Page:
Our goal is to tie climate-scale meteorology to regional physics and ecosystem changes and demonstrate a few resulting impacts to which regional peoples are having to respond in the Alaskan Bering Strait region. The sea ice loss events in the winters of 2017/18 and 2018/19 initiated a series of marine environmental, ecological, and industrial changes through a chain of connected events from jet-stream meanders, storms, southerly winds, warmer sea temperatures, and minimum sea ice cover. Resulting impacts continue as coastal communities respond to ongoing nutritional, cultural, and economic challenges. Global warming potentially initiated these events through a weakened atmospheric Arctic Front. Ecological shifts included a transition/reorganization of the Bering Strait regional marine ecosystem. Subsequent changes included shifts in zooplankton species, increases in large-bodied, predatory fish species moving northward, an ice seal unusual mortality event, and seven consecutive years of multispecies seabird die-offs. These changes in the marine ecosystem create a serious food security concern. Ongoing impacts include large, toxic harmful algal blooms and coastal erosion. Recent changes to the maritime industries of the transboundary waters of the Bering Strait include increased industrial ship traffic, planned development of the Port of Nome, and northward proximity of foreign fishing activity. Projections for the next decades are for an increasing frequency of low sea ice years and continuing ecosystem and industrial transitions that contribute to increasing economic and food security concerns for the 16 coastal communities that compose the Bering Strait region.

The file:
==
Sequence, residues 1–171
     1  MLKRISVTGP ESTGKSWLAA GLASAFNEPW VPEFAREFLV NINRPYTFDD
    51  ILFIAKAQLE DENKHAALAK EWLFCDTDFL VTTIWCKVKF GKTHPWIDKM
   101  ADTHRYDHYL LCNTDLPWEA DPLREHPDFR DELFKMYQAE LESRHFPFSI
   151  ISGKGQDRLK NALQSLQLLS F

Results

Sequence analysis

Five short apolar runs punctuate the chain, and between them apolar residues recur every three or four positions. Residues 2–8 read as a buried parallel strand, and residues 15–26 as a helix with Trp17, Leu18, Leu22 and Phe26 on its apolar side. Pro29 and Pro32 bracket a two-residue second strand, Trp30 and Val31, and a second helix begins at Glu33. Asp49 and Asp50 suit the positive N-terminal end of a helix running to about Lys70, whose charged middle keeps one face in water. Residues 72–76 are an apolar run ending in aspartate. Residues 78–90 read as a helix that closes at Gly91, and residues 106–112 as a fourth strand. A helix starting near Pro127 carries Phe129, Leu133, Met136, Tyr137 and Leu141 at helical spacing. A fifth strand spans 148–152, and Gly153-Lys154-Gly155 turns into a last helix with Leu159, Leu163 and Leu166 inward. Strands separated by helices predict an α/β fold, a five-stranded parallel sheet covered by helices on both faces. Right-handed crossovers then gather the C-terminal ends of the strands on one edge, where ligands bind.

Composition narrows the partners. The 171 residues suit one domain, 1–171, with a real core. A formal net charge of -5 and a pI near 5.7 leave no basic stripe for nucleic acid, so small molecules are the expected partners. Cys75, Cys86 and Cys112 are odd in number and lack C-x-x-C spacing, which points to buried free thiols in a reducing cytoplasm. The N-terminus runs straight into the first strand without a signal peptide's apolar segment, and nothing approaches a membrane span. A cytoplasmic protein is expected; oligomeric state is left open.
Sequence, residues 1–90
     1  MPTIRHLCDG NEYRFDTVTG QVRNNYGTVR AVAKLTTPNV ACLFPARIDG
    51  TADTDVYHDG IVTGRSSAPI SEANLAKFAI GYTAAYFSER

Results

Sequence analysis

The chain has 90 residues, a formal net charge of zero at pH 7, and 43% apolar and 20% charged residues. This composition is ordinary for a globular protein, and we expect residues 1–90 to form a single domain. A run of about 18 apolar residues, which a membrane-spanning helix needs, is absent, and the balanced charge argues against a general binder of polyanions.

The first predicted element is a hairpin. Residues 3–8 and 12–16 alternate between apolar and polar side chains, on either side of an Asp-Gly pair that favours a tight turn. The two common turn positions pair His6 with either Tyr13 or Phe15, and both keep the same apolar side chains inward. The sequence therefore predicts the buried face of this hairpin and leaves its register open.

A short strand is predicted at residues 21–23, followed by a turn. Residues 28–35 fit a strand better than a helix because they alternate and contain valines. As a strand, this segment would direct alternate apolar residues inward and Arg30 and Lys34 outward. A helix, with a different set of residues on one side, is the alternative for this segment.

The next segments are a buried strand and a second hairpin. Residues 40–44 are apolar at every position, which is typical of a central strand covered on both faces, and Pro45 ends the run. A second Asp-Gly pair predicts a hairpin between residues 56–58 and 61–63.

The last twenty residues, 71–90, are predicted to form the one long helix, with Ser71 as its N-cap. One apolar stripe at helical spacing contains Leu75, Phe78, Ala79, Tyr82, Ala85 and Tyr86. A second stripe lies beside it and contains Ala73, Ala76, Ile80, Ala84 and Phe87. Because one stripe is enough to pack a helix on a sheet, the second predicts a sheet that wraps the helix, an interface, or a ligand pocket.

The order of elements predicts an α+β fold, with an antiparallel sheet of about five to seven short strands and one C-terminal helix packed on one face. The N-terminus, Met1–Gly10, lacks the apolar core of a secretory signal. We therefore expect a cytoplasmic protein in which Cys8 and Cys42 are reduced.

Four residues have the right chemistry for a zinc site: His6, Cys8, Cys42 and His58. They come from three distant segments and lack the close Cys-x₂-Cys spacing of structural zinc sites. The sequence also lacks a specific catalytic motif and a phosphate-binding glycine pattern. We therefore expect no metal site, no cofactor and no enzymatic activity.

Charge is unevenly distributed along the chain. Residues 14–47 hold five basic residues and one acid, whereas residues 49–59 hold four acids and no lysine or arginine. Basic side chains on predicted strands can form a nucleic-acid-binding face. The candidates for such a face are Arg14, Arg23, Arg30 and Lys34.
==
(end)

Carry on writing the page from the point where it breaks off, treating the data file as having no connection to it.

Significance Statement